Leucistic raccoon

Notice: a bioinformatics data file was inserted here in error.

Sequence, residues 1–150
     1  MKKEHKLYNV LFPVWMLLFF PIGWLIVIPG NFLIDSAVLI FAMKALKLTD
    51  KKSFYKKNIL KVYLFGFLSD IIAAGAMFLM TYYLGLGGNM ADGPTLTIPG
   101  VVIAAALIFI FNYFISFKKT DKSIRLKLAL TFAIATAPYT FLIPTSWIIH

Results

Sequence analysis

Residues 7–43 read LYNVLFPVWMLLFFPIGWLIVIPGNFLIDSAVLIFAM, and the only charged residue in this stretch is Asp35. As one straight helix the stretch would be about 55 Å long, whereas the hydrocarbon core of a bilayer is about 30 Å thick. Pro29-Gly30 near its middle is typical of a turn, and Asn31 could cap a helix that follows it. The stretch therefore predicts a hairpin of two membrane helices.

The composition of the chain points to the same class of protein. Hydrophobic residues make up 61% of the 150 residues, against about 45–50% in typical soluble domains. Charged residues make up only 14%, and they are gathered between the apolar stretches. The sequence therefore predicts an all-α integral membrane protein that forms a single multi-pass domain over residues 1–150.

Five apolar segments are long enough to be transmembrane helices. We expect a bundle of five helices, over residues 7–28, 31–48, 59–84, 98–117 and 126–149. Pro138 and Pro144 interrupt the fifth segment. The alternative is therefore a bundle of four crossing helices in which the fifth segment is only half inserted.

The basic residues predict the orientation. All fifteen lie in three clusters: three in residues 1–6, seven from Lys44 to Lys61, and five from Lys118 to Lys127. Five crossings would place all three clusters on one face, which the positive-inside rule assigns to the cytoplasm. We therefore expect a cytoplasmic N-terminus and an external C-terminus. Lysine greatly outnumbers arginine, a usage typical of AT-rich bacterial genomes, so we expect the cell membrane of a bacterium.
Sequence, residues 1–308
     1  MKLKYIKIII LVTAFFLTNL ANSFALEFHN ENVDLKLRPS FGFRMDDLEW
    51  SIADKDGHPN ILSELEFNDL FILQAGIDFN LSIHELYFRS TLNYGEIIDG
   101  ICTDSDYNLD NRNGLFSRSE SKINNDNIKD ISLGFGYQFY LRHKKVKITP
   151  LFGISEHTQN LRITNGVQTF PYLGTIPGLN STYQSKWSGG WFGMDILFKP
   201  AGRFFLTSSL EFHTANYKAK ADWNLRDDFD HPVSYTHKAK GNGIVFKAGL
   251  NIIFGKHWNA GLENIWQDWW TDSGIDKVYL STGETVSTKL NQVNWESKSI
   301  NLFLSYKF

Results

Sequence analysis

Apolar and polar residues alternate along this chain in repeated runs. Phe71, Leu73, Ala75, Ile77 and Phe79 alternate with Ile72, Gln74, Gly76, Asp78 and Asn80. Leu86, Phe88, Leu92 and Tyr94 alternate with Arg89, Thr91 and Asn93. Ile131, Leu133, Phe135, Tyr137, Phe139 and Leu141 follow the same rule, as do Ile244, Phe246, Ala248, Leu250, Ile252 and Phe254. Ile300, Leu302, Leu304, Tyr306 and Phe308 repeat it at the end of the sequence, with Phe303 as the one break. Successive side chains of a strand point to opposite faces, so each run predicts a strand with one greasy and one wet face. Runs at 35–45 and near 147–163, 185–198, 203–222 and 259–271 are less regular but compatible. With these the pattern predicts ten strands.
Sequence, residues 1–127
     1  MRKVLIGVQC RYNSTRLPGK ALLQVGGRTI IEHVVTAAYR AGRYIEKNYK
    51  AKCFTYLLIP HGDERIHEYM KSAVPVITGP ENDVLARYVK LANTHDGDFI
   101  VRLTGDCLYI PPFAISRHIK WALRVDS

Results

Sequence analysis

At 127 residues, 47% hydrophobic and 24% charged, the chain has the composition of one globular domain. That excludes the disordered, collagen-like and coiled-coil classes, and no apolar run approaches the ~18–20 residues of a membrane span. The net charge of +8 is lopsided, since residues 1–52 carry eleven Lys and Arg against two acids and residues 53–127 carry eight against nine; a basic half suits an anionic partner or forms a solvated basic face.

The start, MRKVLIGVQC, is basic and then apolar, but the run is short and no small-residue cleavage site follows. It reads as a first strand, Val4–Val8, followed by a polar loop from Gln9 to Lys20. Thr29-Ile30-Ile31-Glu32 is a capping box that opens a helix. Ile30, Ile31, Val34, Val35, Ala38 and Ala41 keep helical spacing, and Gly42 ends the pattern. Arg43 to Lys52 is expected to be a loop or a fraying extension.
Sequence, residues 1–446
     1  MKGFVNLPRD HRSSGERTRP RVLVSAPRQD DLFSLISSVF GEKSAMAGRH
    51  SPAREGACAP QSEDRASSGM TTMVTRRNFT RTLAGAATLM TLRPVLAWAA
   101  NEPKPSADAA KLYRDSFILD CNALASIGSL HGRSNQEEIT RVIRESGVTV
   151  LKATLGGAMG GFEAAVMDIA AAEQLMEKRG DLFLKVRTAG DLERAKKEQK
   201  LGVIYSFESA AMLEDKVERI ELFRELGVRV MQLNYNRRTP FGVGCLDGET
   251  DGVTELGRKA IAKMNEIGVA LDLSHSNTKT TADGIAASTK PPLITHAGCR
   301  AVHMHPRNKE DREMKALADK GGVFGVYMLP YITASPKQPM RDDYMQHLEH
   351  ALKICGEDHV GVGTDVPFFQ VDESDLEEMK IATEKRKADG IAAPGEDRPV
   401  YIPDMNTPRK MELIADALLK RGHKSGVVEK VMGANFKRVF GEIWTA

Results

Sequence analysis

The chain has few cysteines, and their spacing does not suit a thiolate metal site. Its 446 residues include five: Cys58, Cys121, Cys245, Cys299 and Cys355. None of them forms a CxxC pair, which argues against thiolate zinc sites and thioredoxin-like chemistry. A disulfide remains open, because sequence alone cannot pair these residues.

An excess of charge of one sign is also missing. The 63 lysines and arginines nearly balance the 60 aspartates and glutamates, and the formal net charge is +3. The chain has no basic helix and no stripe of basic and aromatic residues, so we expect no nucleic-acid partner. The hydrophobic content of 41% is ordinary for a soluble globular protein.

An additional trail camera photo submission is highlighted this week for the Bell Press Newspapers Trail Camera Contest. Melissa Johnson, of Cameron, submitted this photo of what she believed to be a rare leucisitic fisher. The animal was captured on a trail camera photo back on Sept. 27. Leucism is a wide variety of conditions that result in the partial loss of pigmentation in an animal—causing white, pale, or patchy coloration of the skin, hair, feathers, scales, or cuticles, but not the eyes. Statewide furbearer specialist, Shawn Rossler was asked his opinion of the unique photo and animal. “What a great photo! This appears to be a leucistic raccoon, rather than a fisher. The blocky head and body are more consistent with raccoon than fisher (however, a definitive answer is obviously unknown at this time). Leucism can be caused by a genetic mutation where melanin isn’t produce, resulting in the white fur. The furbearer program receives about one report/photo of leucistic raccoon annually, about the same for fisher. The reports have come from different regions in the state, so they do occur outside of the Northwest,” he said.

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